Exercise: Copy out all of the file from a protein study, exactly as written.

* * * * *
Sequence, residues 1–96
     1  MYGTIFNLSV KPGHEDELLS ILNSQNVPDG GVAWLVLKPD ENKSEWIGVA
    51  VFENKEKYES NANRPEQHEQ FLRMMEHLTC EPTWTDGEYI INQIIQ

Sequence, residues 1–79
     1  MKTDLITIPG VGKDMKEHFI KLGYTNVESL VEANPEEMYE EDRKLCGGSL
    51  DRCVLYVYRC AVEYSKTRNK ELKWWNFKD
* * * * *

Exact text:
Sequence, residues 1–96
     1  MYGTIFNLSV KPGHEDELLS ILNSQNVPDG GVAWLVLKPD ENKSEWIGVA
    51  VFENKEKYES NANRPEQHEQ FLRMMEHLTC EPTWTDGEYI INQIIQ

Sequence, residues 1–79
     1  MKTDLITIPG VGKDMKEHFI KLGYTNVESL VEANPEEMYE EDRKLCGGSL
    51  DRCVLYVYRC AVEYSKTRNK ELKWWNFKD